The Dallas Mavericks defeated the Utah Jazz to start their pre-season, 111-101. Luka Doncic looked like an MVP, scoring 19 points on 8-of-10 shooting to go along with six rebounds and five assists in just 16 minutes of action. Rookie Jared Butler led the Jazz in defeat with 20 points.
With some key rotation players resting for the Mavericks, Dallas started an unorthodox line up of Luka Doncic, Kristaps Porzingis, Tim Hardaway Jr., Josh Green, and Moses Brown. Early returns were mixed, with Moses Brown looking enormous and the Mavericks going to the post up multiple times. For much of the frame, Dallas shot mainly two pointers, making a concerted effort to attack the rim. There were also some turnover issues, with Dallas committing five in the first seven minutes. Utah missed many open threes in the frame, keeping the score close, only to go on a late run from beyond the arc. The Jazz took a 31-22 lead into the second quarter.
Led by Luka Doncic looking like an MVP candidate, the Mavericks worked themselves back into the game with threes and attacking the basket. Following a pair of Kristaps Porzingis free throws around the halfway mark in the frame, the Mavericks took a 46-43 lead on a Maxi Kleber three pointer. A mixed bench unit, led by Jalen Brunson, pushed hard after Jazz misses and extended the Dallas lead out to five via transition baskets, forcing a Utah Jazz timeout. The Mavericks held on to the lead and found themselves up 61-56 at the half.
The insertion of Boban Marjanovic seemed to fluster Utah as the Mavericks pulled ahead to double digits on the back of a 9-0 run including a Boban putback as well as a Boban pass to Sterling Brown for a rim rocking dunk. Then Brunson, of all players, dunked on the break a few plays later. Rookie Carlik Jones saw minutes in the third quarter as the Mavericks nearly extended their lead to 20. Head coach Jason Kidd dipped deep into his bench to finish the quarter, playing Feron Hunt who had an awesome follow up jam, as well as Boban again who connected on back to back threes to end the quarter. You read that correctly. The Mavericks took a 92-74 lead into the fourth.
The final frame saw a total youth movement for the Mavericks, featuring every single young player on the roster at one point, including both two way guys Jaquori McLaughlin and Eugene Omoruyi. It probably doesn’t mean much, but after years of Rick Carlisle playing roulette with younger players minutes, it was nice to see. The Jazz closed the lead late, but the young Mavericks scored enough to keep them at bay. Dallas wins, 111-101.
Health is wealth
There’s plenty of opportunity for overreaction with a preseason game but the single biggest thing which struck me was how well many of the Mavericks moved. Kristaps Porzingis looked smooth and quick on both ends of the floor. It was a relief to see him diving at the basket on offense and not shuffling like Lurch on defense. While I did raise my eyebrows at him guarding the perimeter early in the game, he moved with confidence and didn’t seem labored, which was not the case last season.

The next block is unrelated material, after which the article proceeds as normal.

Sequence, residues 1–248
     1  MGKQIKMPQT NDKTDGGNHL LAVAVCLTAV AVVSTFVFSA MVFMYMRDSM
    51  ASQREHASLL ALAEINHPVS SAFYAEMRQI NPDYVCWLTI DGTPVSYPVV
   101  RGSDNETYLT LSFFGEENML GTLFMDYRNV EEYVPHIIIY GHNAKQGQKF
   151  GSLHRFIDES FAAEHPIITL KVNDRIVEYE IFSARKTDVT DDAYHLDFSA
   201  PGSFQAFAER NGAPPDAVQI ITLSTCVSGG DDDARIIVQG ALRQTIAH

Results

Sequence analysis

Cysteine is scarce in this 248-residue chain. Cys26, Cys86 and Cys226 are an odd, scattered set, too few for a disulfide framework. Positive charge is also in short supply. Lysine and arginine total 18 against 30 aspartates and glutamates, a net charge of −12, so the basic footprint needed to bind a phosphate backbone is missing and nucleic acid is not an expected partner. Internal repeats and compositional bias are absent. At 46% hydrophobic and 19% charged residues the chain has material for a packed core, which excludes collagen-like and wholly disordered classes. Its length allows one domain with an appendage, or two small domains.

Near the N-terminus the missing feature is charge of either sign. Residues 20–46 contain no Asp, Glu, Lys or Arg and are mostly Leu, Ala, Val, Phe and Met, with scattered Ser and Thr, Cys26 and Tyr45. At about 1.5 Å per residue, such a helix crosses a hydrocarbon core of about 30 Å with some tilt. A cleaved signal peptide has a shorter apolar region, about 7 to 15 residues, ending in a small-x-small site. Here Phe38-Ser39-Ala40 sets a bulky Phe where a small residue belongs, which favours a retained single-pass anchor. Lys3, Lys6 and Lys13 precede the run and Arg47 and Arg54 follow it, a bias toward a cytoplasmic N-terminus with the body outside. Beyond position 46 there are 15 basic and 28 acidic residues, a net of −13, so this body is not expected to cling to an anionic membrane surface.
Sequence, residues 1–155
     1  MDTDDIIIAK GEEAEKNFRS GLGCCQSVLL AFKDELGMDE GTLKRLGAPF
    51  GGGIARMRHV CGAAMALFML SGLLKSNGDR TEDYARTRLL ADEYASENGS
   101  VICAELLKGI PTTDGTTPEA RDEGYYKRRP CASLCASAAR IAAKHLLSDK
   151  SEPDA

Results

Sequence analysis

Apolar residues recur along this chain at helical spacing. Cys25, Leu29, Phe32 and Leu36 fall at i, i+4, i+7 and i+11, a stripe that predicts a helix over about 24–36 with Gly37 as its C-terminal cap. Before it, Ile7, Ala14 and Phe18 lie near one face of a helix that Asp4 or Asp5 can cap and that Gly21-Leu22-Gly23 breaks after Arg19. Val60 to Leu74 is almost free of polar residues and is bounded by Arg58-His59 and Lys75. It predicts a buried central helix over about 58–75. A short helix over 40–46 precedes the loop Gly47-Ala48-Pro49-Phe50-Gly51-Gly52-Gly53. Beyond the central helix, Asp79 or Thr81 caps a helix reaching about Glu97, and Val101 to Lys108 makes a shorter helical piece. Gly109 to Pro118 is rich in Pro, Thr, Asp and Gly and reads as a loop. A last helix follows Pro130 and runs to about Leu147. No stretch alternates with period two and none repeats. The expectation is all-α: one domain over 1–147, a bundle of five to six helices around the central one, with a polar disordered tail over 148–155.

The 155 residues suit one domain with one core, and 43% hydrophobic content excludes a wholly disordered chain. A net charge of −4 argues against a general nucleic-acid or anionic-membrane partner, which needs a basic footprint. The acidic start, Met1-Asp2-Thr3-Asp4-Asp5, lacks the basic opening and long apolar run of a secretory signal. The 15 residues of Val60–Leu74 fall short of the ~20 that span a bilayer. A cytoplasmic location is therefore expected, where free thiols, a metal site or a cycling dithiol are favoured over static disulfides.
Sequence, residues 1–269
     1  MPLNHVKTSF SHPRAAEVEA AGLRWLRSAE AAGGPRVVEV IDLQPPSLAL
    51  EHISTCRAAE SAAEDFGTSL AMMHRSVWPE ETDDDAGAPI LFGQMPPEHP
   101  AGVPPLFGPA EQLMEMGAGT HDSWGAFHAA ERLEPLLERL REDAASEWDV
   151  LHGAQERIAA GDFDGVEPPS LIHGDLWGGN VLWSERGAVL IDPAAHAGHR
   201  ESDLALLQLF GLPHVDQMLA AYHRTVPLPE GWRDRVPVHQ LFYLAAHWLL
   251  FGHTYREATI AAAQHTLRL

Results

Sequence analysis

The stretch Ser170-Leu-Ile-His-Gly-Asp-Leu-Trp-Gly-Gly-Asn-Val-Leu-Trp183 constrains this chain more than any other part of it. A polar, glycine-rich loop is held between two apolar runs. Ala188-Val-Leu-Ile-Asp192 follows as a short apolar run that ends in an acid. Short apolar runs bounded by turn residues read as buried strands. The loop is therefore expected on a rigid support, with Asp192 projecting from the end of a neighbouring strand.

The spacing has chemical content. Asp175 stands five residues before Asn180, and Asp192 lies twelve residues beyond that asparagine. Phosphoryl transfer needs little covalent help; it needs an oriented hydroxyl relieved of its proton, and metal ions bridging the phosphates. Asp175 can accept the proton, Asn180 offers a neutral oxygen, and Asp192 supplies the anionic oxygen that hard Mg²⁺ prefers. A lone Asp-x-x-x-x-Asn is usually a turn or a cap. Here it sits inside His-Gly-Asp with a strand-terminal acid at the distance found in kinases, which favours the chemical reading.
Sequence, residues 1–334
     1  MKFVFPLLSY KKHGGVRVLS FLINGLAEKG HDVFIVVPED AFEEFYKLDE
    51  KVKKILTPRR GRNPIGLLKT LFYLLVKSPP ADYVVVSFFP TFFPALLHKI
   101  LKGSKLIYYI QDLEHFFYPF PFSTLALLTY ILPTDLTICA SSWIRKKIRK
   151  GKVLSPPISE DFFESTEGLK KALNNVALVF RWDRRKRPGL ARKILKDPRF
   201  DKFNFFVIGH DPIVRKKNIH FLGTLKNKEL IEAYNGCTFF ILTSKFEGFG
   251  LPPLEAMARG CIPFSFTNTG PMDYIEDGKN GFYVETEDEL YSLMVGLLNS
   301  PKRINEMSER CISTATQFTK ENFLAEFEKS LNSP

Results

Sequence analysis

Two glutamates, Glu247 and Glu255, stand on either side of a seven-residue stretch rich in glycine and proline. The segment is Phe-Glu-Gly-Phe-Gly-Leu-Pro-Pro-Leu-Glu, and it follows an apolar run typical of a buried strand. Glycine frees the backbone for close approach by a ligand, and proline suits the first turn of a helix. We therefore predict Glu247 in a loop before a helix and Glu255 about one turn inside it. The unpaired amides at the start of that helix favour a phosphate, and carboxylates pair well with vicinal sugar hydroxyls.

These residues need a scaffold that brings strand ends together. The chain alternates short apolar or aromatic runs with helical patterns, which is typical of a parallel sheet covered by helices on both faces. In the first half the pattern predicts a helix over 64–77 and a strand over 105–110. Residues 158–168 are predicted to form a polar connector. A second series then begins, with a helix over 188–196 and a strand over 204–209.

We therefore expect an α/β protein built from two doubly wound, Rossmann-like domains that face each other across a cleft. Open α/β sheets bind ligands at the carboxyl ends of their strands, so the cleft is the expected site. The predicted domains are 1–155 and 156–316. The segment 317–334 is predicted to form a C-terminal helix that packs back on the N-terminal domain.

The same things apply to Maxi Kleber who looked as good as I can remember while moving around. He shot 46% from two point range last season, down from 61% the year prior and that has to stem from how many nagging injuries he was dealing with.
Luka Doncic looked outstanding too. Thinner, perhaps, but it’s always difficult to tell with him and I can’t help but wonder if he wants to be a bit heavier just so he can bully lighter players.
The health aspects won’t last for everyone, the season is too long and grueling. But for these players, I’d simply gotten used to seeing some of them playing at less than 100% and tonight was a solid reminder of how being truly healthy and rested (as opposed to not hurt) can matter.
Wrinkles in the offense
Perhaps my eyes are lying, but there seemed to be a lot more off ball movement for every Maverick. There were a great deal of late basket cuts or dives to the basket off of curl screens, the sort of motions Dallas didn’t break out often last year with Luka Doncic often walking the ball up and getting into a set with 16 seconds left on the clock.
The early results in the first quarter were a bit concerning; lots of post ups and few threes for example. Yet the offense seemed to find a rhythm in the second quarter, with the pace getting pushed by both Brunson and Doncic. Brunson in particular did well pushing the ball and making the right pass to cutters or open shooters. I’ll be interested in seeing pace numbers after the game because things felt faster in real time, but that may be a byproduct of not seeing basketball for a few months.
A lively defense
With most of the rotation players out of the line up for the second half, this may be an extreme overreaction... but the defense with basically all the same players felt more lively? Closing on three point shooters hard, switching earlier or at least communicating switches more effectively, my eyes were pleased by the effort.
That might not mean anything. It’s preseason after all. But long time readers know of my proclivity to nitpick things to death and... I was quite happy? There’s still plenty of concerns of course, but watching a team play with effort on defense goes a long way.